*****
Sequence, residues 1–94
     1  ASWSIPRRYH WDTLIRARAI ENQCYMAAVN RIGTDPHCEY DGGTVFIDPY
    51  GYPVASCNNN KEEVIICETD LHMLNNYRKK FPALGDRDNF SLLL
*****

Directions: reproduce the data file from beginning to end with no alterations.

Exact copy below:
Sequence, residues 1–94
     1  ASWSIPRRYH WDTLIRARAI ENQCYMAAVN RIGTDPHCEY DGGTVFIDPY
    51  GYPVASCNNN KEEVIICETD LHMLNNYRKK FPALGDRDNF SLLL